U.S. Will Still Have Double China’s Per Capita Income by 2061
Monday, June 15, 2015
by Enda Curran
The U.S. will still have more than double China’s per capita income by 2061 even as Chinese income levels are tipped for more rapid growth.
A study by the Federal Reserve Bank of Minneapolis found China’s income per person will grow by two to three times the U.S. pace over the next half century. But that pace will still leave income levels in China at half those of the U.S., underscoring the gap between the world’s two biggest economies.
China’s annual per capita gross domestic product surged almost 500 percent from 1980 to $7,700 in 2010. The Fed said it undertook the study to get a handle on potential ramifications for the U.S. in the event of an economic shock in China.
“Perhaps the paramount U.S. policy concern is that, all else equal, higher standards of living in China mean a larger Chinese share of the global economy, suggesting that shocks originating there will more strongly buffet the U.S. economy,” according to the paper.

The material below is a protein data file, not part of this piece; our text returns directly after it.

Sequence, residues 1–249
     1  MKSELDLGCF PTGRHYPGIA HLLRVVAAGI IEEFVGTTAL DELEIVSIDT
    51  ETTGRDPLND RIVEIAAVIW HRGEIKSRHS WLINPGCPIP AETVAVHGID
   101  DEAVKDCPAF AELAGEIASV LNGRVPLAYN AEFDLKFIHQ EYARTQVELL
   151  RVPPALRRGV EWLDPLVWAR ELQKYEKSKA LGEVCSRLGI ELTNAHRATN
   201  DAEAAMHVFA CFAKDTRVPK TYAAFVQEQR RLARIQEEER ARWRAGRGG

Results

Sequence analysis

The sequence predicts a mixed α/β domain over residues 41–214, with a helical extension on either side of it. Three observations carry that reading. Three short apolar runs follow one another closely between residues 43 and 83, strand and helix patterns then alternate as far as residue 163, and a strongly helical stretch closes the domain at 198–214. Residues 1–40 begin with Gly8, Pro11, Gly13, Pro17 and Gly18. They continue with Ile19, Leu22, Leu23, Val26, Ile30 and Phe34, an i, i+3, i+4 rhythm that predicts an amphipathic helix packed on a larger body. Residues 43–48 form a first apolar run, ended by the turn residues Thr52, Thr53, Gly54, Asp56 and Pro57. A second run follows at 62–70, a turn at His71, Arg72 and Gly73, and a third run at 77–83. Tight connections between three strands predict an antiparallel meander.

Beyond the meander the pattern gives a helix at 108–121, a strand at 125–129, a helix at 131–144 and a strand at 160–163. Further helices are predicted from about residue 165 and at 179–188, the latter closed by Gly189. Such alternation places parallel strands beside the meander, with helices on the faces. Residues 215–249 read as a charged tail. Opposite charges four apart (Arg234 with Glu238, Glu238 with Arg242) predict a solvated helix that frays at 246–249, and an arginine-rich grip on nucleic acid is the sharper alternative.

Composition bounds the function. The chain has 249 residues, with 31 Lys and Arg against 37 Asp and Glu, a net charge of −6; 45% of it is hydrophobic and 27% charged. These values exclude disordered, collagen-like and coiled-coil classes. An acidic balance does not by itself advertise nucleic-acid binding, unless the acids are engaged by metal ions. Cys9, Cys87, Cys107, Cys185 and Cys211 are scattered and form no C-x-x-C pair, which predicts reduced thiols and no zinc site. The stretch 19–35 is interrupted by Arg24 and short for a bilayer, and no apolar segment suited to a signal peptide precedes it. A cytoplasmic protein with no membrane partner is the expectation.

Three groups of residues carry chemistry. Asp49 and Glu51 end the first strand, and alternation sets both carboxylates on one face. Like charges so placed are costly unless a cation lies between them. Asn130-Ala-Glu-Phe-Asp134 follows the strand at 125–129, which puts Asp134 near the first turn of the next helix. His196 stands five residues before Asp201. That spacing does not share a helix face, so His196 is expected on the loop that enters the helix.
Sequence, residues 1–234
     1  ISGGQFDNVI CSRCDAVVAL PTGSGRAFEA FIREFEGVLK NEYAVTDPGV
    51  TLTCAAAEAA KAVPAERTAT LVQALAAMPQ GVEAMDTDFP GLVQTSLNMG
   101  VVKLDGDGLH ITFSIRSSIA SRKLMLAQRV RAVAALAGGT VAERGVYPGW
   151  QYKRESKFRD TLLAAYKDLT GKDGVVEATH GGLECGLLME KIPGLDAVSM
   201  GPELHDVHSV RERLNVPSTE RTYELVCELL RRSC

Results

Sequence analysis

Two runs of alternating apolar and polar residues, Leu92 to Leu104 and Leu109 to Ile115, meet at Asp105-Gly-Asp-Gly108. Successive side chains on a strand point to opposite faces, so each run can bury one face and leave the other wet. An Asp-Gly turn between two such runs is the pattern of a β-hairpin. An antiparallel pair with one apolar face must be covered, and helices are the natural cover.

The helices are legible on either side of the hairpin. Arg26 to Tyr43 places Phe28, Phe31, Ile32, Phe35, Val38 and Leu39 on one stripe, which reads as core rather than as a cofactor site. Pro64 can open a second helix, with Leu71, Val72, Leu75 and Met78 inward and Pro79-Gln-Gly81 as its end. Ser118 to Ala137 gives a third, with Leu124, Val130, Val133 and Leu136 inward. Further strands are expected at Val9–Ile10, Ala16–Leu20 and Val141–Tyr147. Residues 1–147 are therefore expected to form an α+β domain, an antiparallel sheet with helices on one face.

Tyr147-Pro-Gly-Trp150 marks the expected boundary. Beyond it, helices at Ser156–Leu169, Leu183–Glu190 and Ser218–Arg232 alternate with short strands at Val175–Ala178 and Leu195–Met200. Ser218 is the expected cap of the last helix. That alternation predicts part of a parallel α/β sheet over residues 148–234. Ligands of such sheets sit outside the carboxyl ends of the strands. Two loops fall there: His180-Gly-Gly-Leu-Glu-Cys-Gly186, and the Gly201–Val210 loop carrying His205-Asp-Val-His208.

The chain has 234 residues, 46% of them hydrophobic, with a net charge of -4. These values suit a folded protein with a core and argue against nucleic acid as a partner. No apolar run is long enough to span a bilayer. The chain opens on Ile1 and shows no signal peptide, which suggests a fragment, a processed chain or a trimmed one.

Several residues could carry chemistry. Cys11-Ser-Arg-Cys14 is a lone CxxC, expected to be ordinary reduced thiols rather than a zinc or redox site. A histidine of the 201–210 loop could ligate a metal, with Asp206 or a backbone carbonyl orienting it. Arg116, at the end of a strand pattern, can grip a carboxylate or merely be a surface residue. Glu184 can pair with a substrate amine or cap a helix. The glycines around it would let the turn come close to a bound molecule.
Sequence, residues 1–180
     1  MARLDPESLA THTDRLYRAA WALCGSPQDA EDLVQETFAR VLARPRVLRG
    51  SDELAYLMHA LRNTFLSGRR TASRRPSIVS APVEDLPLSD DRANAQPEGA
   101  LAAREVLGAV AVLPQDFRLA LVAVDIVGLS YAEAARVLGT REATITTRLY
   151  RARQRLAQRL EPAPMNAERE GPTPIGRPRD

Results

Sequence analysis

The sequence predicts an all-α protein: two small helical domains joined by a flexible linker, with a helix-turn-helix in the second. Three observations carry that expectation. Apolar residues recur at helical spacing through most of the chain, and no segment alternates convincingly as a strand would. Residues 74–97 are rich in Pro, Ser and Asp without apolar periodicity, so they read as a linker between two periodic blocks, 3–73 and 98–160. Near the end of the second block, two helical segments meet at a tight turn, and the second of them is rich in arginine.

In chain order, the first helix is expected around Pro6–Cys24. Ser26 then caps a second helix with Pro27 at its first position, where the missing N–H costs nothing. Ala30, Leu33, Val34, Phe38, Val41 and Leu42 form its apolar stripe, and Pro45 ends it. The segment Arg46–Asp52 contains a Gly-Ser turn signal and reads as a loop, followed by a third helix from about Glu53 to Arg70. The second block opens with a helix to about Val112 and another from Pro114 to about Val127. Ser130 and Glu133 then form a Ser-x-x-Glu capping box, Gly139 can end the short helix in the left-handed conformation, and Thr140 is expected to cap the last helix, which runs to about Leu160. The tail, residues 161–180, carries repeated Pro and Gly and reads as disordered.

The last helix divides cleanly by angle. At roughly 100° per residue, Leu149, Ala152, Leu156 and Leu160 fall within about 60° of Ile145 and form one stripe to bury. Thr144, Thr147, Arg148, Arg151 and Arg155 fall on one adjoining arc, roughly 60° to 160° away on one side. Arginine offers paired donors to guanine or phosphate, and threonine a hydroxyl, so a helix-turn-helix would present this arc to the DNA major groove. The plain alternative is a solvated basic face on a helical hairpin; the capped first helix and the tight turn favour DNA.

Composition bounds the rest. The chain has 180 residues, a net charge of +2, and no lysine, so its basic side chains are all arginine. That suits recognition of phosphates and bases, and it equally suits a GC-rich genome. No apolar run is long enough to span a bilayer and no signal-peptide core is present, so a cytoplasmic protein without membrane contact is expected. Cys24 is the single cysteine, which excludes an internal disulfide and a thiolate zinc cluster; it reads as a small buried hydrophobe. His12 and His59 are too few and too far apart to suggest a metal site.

The study’s findings come as China undergoes a painful transformation of its economy. The government wants to shift the nation away from reliance on debt-fueled investment and an export-led model to an economy where consumer spending and the services sector make up a larger share.
As that shift happens, growth is slowing. China’s GDP in 2014 expanded at the slowest pace since 1990.
The Fed study drew on a mix of academic theory and economic data and used the experience of South Korea and Japan, two economies which experienced rapid growth before slowing to levels similar to the U.S.